Day 36: The chevalière and her boy

The younger flopsy-duckit, who just turned four, has a friend called Phineas, which is not his real name, but which conveys something of the flavor of his actual name. Phineas has cascading blond hair, a mischievous grin, and often wears an AC/DC T-shirt.

For months I have been hearing about Phineas: the younger flopsy-duckit can’t wait to get to preschool because she wants to see Phineas; Phineas is her best friend; she loves Phineas. I’ve witnessed the joy with which they bashfully greet each other when we arrive at preschool.

On one of these occasions, as the younger flopsy-duckit and Phineas settled down to play, another little girl marched up to the teacher and pointed accusingly at the happy twosome:

“They’re sitting together! That’s not allowed!” she announced, in a tone that, I must say, I found to be rather priggish.

I expected the teacher to laughingly reply, “of course they can sit together!” but she said, instead,

“Oh, it’s all right at the moment, Addison, it’s only at circle time that they have to be separated.”

Something about the word “separated” got my hackles up.

“Why do they have to be separated at circle time?” I enquired, with just the slightest of edges in my voice.

“Oh, they won’t listen to anything if they are sitting together,” the teacher explained. “All they do is talk to each other, so we have to separate them.”

Yesterday, at a birthday party in our local park for another classmate, I finally met Phineas’s mother. She was Australian (of course she was! That AC/DC T-shirt!) with a warm grin, and her face lit up when I introduced myself as the younger flopsy-duckit’s mother.

She explained that Phineas talks about the younger flopsy-duckit all the time:

“He says he has a crush on her and that he’s going to marry her, and that at their wedding she will wear make-up…” She paused. “Because, obviously,” she added, mischievously, “that’s just what you do at weddings.”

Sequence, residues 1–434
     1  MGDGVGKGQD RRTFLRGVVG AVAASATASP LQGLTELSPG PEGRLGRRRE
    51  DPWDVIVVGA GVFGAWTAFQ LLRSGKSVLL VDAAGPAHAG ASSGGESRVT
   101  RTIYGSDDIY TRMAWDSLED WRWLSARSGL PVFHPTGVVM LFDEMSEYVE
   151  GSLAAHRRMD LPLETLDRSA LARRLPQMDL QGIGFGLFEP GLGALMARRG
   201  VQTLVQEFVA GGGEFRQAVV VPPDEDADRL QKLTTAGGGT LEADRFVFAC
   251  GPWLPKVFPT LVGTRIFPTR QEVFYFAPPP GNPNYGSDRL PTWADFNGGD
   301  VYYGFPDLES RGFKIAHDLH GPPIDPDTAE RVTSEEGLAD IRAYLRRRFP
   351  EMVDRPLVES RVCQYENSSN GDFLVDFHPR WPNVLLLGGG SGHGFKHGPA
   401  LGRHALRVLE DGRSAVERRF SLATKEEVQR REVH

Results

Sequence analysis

Soon it was time for lunch in the clubhouse. But our two charges had no appetite for food. No sooner had they sat down and nibbled indifferently at their pizza, then the two of them ducked out of the party room. Phineas’s Mum and I reluctantly followed them out to chaperone (there was a pond right outside you see, a pond that was being drained and thus was filled with mud, making it all the more alluring to intrepid four-year-olds) I, for one, feeling distinctly grumpy that I had barely had a chance to have a mouthful of the Chinese chicken salad that our hosts had kindly provided for the grown-ups. [1]

Phineas and the younger-flopsy-duckit ran, giggling, across a little bridge past the pond and into the reeds. Phineas’s Mum and I stood on the other side of the pond. We couldn’t really see them but could hear muffled giggles emanating from the reeds. We vainly called to them to come back and join the party, but to no avail until the balloon man arrived, and we lured them back with the promise of marvelous inflatable creations.

“What kind of thing would you like?” asked the balloon man. The younger flopsy-duckit was silent.

“Would you like a flower … or a bracelet …. I can make a fairy bracelet … a princess bracelet?”

The younger flopsy duckit glanced at Phineas, who already had a blue balloon sword.

“I want a blue sword,” she said.

The younger flopsy-duckit, it turned out, was considerably more adept than Phineas at handling a sword, no doubt due to the tutelage of her elder brother (Phineas also had an older sibling, a sister, which perhaps explained his own precocious fluency in the language of romantic love).

“Do you know the difference between whacking and charging?” she enquired.

Phineas did not.

He was suitably impressed as she demonstrated, using a trash-can as her opponent; Phineas’s own attempts to imitate her thrusting and parrying resulted, unfortunately, in a burst sword.

When we were walking home from the party, I informed the younger flopsy-duckit that Phineas wanted to marry her. She scrunched up her face and crossed her eyes.

“No woman-kissing,” she declared emphatically.

“No woman-dancing,” she added, shaking her head.

“That’s womanish,” she stated firmly, in the most disgusted of tones, as if those would be her final words on the subject.

A couple of minutes later, though …

“I suppose I could marry him,” she mused. “I could decide when I’m a grown-up.”

Right, I said. There’s no rush.

Notes

[1] Chinese chicken salad is such an LA thing. I feel like it’s on almost every menu. According to Wikipedia, it’s a Santa Monica invention: quoting from Akasha Richmond’s book, Hollywood Dish, the entry on the dish’s history states that in the 1960s it “was made popular at Madame Wu’s in Santa Monica. Cary Grant asked her to put it on the menu after eating it at another restaurant.”

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